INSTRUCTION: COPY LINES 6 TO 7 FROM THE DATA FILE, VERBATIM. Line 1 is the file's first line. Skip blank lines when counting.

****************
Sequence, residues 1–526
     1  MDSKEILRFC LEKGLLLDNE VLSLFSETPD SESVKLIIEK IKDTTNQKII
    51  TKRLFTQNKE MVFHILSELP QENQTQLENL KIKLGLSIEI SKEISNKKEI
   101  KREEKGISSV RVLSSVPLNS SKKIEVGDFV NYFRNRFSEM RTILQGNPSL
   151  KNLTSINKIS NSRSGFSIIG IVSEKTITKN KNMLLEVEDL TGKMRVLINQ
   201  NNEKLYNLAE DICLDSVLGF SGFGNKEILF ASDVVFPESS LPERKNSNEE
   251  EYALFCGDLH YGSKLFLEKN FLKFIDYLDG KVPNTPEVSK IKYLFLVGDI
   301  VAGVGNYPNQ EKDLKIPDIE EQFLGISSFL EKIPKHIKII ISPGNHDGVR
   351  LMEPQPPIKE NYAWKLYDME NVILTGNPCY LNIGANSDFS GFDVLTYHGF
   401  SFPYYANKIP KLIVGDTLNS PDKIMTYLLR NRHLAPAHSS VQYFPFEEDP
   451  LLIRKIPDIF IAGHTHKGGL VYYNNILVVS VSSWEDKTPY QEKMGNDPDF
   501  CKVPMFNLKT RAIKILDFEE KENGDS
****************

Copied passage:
   201  NNEKLYNLAE DICLDSVLGF SGFGNKEILF ASDVVFPESS LPERKNSNEE
   251  EYALFCGDLH YGSKLFLEKN FLKFIDYLDG KVPNTPEVSK IKYLFLVGDI